I have been incorporating Ted Talks as an integral part of my teaching for several years. Each time I share some, I am equally surprised by how few educators consider using Ted Talks as part of their teaching. search domain owner Perhaps, for me, it was the opportunity I had to attend a Ted conference a few years ago in Oxford that completely hooked me.
I watch Ted Talks for multiple reasons, to be and stay informed on what current thinkers and leaders are curious about, researching, delving into, discovering or passionate about. Ted Talks replenish my spirit with hope, possibility, and faith in our human capacity.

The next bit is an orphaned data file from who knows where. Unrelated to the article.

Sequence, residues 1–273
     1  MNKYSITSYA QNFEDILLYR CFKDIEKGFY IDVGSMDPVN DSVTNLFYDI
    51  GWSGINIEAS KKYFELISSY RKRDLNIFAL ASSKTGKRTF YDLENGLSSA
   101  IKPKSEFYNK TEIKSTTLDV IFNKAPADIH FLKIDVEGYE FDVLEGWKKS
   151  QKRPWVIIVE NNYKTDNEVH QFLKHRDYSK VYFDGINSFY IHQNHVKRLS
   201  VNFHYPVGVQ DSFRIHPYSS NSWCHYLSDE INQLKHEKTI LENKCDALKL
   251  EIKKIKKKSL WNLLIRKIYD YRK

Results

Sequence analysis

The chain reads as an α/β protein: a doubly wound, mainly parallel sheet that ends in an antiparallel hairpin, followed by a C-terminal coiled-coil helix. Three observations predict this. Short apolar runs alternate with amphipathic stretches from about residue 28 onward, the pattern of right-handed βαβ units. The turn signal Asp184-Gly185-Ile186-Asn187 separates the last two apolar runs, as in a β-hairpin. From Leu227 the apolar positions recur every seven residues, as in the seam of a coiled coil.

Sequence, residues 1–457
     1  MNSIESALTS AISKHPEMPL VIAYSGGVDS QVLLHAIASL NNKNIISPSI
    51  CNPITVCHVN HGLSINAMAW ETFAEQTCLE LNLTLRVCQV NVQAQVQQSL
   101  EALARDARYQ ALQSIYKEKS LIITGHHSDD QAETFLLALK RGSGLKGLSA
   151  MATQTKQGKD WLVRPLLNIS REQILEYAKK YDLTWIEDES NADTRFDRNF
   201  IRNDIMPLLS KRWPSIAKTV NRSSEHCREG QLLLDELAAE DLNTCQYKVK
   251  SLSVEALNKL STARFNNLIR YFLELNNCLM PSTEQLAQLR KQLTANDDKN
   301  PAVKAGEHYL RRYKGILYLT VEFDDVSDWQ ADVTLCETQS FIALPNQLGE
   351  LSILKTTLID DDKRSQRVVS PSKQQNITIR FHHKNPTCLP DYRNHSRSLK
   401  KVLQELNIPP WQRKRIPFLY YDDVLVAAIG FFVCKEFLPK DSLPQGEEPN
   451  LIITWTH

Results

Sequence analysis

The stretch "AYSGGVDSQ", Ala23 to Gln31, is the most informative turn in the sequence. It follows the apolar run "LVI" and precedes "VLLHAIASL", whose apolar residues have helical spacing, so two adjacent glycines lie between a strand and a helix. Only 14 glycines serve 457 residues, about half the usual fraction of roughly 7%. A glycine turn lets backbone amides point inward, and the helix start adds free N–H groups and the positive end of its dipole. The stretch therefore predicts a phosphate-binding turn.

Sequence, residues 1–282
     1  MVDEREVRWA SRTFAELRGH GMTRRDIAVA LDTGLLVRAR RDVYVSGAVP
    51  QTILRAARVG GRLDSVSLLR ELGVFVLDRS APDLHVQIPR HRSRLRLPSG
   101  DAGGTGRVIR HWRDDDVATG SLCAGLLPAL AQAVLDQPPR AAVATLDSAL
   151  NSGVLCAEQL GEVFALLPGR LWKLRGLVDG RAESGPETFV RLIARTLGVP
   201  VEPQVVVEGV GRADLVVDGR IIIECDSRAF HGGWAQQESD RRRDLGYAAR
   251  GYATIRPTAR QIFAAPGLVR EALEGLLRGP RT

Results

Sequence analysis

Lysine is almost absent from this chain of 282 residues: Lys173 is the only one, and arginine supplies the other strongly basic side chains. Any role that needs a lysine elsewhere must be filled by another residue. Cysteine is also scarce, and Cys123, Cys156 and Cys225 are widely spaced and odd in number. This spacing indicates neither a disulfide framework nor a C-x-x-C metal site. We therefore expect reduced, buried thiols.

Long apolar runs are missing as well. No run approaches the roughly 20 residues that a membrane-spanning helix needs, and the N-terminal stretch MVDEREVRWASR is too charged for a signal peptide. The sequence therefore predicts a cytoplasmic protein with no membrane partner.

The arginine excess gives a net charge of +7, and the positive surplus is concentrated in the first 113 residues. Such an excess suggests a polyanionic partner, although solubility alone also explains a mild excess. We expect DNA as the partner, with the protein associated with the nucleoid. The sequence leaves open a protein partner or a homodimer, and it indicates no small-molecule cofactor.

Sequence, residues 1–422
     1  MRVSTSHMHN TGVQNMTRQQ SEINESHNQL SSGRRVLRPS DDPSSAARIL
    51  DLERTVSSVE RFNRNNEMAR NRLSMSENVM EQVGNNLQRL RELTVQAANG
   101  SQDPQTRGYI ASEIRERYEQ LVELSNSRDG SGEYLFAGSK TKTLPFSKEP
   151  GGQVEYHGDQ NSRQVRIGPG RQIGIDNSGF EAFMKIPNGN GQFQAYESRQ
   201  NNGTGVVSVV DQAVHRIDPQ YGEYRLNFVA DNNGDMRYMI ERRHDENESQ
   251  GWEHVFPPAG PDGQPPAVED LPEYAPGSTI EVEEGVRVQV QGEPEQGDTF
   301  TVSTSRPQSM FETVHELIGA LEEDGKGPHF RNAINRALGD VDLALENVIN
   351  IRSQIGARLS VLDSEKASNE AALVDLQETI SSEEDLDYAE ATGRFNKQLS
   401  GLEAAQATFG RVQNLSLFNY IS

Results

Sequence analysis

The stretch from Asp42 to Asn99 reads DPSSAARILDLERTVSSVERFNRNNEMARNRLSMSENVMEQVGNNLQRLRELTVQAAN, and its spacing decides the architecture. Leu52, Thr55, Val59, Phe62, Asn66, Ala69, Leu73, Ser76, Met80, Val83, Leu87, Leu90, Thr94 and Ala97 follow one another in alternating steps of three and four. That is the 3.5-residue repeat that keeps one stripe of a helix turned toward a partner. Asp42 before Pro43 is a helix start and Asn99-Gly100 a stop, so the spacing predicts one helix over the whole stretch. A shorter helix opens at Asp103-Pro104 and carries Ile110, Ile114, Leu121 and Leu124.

Ted Talks inspire students. I choose Ted Talks not only to enlighten my students but to engage them in what can become possible. If my students need to present, I want them to witness exceptional ones: they can watch the magic Hans Rosling brings to data: href=”http://www.ted.com/talks/hans_rosling_shows_the_best_stats_you_ve_ever_seen.html” title=”Stats that Reshape your World View”>
Isabelle Allende’s talk about ‘passion’, William Kamkwamba’s humble talk on how he brought ‘electricity’ to his small rural community in Malawi.
There is value in sharing Steve Jobs’ presentations for the power of visual imagery. The talks inspire students and educators to the global world of current thinkers, leaders both young and older.